I recently spoke with Dr. Suneil Malik about genomics and outbreak preparedness.
This is the second part of our conversation, in which we were discussing the benefits and potential downsides of the so-called “omics”-revolution, which consists of new technologies such as transcriptomics and proteomics that are changing the field of medicine.
Dr. Malik is a Manager and Team Leader for Toxicology at Health Canada, a government agency directed by the Canadian Minister of Health. He is based in Ottawa, Ontario, Canada.
About Dr. Malik:
- He was a Biologist at the Office of Biotechnology, Genomics, and Population Health at the Public Health Agency of Canada (PHAC).
- He is an investigator at the McGill International Tuberculosis Centre in Ottawa.
- He is the author of numerous publications in the field of genomics, including the highly regarded article “Genomics Research: The Underpinning of Infectious Disease Prevention and Control Strategies” (2013) and a landmark paper on the association of the NRAMP1 gene with pediatric tuberculosis .
- He currently works as a Manager for the Mechanistic Studies Division and the Hazard Identification Division in the Environmental Health and Science Research Bureau at Health Canada, a department of the Government of Canada focused on promoting and maintaining the health of Canadians.
Q: Which new technologies are being used in addition to genomics to make diagnoses easier and find cures?
Dr. Malik: There are technologies that are being used and they are being given the name “omics”. We already talked about genomics, but there are other technologies, too. The study of genes is called “genomics”, the study of the transcript is called “transcriptomics”, the study of proteins is called “proteomics”, and the study of metabolites is called “metabolomics”. Together these technologies can give us a more comprehensive understanding of disease mechanism. Once we understand the disease mechanism we can develop diagnostic tests and, yes, potentially find cures.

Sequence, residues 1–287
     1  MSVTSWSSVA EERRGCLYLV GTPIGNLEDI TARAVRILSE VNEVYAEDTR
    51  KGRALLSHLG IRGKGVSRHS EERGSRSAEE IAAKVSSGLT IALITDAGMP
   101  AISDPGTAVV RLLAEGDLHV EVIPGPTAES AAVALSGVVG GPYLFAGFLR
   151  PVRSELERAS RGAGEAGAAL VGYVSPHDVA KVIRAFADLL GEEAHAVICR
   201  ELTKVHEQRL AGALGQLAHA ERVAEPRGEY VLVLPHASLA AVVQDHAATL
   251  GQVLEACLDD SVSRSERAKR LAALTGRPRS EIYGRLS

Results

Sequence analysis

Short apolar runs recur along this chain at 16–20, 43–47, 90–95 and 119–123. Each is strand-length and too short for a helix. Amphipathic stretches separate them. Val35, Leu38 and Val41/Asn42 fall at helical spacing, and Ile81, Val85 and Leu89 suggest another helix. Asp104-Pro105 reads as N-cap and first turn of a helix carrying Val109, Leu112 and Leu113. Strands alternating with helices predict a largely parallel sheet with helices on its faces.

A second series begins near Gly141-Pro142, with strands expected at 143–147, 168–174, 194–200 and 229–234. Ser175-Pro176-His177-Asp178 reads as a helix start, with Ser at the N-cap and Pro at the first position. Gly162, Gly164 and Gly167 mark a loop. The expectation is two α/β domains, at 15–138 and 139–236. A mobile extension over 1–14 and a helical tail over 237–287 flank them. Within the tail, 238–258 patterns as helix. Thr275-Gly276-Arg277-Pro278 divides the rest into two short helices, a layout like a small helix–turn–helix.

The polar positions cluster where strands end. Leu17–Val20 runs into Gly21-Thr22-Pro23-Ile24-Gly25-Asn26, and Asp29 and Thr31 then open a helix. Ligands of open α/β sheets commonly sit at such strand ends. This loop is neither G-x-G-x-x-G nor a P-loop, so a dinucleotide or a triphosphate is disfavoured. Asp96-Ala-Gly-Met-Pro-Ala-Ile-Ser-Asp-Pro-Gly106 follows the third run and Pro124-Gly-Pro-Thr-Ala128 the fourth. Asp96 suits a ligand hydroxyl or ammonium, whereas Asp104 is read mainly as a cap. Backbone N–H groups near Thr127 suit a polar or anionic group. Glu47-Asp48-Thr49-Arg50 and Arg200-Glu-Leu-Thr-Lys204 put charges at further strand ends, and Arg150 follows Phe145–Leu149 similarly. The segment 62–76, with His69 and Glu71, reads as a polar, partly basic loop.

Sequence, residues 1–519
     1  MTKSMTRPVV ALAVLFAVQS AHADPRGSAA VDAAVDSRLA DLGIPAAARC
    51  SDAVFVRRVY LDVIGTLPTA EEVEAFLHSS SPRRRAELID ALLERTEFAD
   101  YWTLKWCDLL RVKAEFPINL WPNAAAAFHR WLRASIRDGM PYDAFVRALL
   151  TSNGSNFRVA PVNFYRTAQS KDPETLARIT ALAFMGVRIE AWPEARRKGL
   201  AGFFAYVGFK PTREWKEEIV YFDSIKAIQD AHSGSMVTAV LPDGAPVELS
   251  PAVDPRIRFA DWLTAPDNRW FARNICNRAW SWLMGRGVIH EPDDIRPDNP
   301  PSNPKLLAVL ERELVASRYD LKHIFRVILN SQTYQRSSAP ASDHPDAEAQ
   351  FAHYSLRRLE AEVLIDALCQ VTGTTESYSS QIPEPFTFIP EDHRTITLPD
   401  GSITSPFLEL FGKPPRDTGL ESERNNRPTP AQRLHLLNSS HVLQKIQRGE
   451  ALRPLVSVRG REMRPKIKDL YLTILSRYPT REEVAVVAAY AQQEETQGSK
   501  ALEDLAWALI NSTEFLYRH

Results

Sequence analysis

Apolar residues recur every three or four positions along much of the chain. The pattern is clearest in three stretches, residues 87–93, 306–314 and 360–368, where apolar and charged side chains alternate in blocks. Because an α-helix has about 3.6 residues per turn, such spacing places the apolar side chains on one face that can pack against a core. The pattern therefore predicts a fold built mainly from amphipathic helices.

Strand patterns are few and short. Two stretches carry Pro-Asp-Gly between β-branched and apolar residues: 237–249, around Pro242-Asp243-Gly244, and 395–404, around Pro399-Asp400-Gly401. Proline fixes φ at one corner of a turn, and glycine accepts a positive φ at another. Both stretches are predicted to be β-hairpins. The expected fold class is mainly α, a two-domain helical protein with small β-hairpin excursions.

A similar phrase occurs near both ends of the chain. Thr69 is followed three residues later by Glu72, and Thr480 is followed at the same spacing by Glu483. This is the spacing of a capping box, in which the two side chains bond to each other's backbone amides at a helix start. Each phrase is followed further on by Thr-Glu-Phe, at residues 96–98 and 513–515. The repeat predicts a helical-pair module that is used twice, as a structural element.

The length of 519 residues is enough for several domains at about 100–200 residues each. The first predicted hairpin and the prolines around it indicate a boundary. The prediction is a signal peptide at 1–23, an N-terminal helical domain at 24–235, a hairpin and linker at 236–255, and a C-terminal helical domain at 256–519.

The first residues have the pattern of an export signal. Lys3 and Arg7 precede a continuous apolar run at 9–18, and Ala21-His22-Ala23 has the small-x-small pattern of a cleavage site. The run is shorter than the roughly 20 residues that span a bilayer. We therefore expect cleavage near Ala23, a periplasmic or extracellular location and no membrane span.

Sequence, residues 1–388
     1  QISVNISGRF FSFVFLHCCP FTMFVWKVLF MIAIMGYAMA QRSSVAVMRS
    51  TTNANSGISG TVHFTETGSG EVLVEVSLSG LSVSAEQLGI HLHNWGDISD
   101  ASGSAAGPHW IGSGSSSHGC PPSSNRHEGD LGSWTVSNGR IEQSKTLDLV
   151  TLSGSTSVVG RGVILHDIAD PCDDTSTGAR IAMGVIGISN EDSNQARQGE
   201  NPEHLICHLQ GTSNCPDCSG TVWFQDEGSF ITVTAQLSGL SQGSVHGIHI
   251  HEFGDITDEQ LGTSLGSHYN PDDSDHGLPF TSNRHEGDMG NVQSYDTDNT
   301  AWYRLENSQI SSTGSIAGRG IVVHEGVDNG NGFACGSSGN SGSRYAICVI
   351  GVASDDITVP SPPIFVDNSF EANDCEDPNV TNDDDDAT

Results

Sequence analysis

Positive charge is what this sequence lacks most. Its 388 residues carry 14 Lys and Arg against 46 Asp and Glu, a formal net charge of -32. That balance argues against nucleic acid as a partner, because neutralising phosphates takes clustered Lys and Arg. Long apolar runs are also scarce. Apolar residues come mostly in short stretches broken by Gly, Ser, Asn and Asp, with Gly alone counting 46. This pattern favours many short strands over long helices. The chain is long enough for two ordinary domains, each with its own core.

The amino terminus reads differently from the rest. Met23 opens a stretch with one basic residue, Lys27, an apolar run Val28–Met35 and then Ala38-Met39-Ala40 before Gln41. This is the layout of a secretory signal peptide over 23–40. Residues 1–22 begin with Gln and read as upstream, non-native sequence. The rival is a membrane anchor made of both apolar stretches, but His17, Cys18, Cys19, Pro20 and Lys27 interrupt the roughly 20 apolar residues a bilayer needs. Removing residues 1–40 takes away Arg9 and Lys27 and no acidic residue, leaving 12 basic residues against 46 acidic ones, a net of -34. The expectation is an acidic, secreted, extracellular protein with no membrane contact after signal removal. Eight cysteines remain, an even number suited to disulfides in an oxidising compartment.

Q: When will we see practical tools coming from this research? Will there be quick, non-invasive tests that help doctors decide who is most at risk of an infection or illness?
Dr. Malik: That is what the medical community is focusing on and has been for a while. One of the biggest advances is being able to rapidly sequence infectious agents to promptly treat. Traditionally many infections were diagnosed by taking a biological sample from an individual to try and grow the pathogen in a petri dish. Once pathogen colonies formed, then analyses can be undertaken to identify pathogens. This can be a very time consuming process (several days in some cases) and delays prompt treatment that could mean life or death. However, sequencing a biological sample takes only a day and is very accurate. In my opinion, there will be a wide range of non-invasive tests that will be emerging in the near future.
Q: Are there certain types of infection where genomics work is having the best results? Or is it useful for all types of infectious disease?